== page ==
That being said, your /etc/apt/sources.list is not at all configured correctly and there is a distinct possibility your server is pretty messed up. You shouldn't have Ubuntu repositories if you're using Debian. Ubuntu is based on Debian but they are two separate beasts and there is an unfortunate amount of advice on the Internet recommending that if you need a certain version of a package or a package that exists in the Ubuntu PPAs but not in the Debian repos to just add the Ubuntu PPAs. This is wrong. Please don't do it or listen to people that recommend it.

You're also tracking a release-type (stable) and not a Release (Squeeze or Wheezy). This means that as soon as Wheezy was released as Stable all of those packages became available. You may already be running Wheezy or some horrible amalgamation of Squeeze and Wheezy. This is also bad.

I really recommend you do a clean install and migrate your application there.


it was modified multiple times by different people

RCS is trivially simple to setup and use. I heartily recommend it for even the smallest of installations. It will help mitigate these problems in the future.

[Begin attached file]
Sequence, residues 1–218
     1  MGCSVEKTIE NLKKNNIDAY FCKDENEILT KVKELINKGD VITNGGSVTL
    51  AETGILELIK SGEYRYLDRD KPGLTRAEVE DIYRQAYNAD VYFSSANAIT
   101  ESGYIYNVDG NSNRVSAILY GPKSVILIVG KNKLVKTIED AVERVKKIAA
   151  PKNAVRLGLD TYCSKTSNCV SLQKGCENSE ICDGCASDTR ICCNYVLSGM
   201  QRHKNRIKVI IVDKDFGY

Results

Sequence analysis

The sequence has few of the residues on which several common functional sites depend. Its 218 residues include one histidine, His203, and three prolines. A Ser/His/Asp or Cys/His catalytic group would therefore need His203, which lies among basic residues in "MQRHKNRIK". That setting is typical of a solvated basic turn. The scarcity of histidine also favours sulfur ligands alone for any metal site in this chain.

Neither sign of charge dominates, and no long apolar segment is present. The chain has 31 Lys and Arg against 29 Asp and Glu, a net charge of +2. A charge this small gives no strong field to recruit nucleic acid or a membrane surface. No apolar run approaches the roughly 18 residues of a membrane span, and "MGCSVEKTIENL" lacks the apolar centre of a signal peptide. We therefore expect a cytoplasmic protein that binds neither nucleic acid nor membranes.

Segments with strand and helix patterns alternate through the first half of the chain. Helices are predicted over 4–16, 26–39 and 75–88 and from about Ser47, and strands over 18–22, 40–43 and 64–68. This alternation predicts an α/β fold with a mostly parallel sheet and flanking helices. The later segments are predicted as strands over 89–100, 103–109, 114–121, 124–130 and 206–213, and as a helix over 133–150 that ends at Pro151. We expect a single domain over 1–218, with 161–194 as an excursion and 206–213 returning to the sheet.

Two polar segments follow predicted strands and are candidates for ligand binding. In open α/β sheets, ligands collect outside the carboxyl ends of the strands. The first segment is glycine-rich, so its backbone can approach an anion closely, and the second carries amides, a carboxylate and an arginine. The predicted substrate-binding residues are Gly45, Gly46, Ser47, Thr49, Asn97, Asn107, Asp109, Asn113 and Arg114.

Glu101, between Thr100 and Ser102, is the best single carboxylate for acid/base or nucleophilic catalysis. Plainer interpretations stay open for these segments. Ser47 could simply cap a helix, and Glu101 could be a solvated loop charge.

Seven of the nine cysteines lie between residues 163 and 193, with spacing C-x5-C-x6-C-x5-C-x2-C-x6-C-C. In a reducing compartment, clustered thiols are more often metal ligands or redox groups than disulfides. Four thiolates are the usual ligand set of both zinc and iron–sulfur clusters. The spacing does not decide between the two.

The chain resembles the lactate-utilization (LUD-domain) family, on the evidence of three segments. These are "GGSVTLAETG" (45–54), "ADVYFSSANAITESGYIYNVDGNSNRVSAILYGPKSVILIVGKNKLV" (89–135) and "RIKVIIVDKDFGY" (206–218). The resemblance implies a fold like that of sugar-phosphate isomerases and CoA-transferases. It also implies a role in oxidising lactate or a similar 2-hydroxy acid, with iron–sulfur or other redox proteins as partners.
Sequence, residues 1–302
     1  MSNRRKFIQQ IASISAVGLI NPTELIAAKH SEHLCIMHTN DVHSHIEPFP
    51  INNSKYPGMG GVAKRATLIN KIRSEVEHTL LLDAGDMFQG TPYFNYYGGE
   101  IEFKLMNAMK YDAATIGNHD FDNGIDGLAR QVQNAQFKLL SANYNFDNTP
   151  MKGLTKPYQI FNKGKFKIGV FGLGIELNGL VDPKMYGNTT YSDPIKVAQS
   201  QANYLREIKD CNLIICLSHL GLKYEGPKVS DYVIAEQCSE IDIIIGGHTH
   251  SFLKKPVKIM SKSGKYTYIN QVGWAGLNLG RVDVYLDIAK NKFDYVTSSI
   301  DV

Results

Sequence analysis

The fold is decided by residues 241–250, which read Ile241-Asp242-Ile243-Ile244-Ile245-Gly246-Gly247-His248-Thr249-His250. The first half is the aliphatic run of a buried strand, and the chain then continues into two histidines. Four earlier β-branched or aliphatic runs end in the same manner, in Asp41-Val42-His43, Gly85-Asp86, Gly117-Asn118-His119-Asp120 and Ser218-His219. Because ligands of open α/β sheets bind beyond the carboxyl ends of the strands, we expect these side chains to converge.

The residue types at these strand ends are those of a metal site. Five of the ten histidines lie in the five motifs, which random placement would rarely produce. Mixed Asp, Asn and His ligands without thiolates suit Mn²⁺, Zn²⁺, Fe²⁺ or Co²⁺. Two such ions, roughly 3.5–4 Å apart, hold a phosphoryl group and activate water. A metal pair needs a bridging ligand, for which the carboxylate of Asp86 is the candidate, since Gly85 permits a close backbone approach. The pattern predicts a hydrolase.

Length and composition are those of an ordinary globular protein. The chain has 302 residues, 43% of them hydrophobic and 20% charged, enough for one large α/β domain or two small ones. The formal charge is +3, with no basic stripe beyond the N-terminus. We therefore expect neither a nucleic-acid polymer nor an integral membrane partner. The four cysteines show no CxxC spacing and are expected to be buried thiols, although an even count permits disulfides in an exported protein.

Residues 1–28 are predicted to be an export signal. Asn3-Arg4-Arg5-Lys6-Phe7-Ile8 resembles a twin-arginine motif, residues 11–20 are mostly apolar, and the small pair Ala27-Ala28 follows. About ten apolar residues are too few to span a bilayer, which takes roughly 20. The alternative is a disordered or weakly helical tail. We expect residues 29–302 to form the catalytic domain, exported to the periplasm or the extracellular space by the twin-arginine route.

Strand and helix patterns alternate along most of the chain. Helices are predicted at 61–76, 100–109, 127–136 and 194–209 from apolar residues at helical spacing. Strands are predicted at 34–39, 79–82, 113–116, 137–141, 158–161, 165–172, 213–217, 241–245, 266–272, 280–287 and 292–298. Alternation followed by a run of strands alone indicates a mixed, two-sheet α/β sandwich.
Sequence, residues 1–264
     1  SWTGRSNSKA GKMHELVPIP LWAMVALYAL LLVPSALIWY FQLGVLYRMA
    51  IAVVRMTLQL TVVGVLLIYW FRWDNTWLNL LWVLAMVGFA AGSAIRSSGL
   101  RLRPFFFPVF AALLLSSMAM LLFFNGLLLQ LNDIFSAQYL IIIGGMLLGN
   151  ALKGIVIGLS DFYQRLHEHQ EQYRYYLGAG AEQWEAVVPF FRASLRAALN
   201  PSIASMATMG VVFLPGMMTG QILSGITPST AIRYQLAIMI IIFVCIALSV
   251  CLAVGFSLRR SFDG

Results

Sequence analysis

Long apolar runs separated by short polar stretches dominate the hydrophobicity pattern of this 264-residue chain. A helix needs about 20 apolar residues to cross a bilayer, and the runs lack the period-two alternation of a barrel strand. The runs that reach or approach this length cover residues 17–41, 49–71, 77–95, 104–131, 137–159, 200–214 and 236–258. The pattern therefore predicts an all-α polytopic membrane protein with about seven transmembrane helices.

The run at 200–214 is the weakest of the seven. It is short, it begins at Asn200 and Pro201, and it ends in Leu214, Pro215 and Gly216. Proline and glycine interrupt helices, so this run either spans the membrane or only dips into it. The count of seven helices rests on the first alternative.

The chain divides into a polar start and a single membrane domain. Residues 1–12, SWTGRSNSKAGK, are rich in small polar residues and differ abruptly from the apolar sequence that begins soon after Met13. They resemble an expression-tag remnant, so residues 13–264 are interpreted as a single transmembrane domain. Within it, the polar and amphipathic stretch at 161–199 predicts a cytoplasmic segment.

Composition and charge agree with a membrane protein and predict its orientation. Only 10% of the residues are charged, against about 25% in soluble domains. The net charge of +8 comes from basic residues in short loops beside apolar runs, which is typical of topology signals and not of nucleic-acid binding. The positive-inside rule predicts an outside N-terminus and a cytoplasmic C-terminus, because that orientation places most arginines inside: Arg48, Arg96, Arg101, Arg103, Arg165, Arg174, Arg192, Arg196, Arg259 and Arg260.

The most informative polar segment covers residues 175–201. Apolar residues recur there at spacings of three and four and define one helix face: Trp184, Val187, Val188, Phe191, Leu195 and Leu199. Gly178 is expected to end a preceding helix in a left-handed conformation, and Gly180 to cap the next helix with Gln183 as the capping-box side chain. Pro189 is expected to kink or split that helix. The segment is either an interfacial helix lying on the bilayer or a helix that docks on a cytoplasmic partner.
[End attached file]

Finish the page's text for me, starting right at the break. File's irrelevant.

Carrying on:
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Thank you for your response! To be honest, I hesitate to update Debian to Wheezy as I can easily break something important on the server. If there is an easier way to solve my problem, I would rather do that. (I added files as you requested.) It could be easily something wrong with /etc/apt/sources.list as it was modified multiple times by different people (( Your help is greatly appreciated! –  Ivan Zamylin Jun 2 '13 at 21:59
    
@IvanZamylin - Please see my edit. –  kce Jun 3 '13 at 6:20
    
Thank you very much! I didn't expect to get such a profound and detailed answer! –  Ivan Zamylin Jun 3 '13 at 8:51

Any time I've come across strange things like this (mainly cascading removals where it has tried to uninstall half my OS) I find aptitude in ncurses mode to be smarter at fixing it.

It seems to look at the whole list at one time in ncurses mode instead of working on the list you typed in the cli one at a time and creating conflicting dependancies.

Just type aptitude at the cli to start. Use / to start a search and + or - to add and remove from the list. Then hit g when your finished.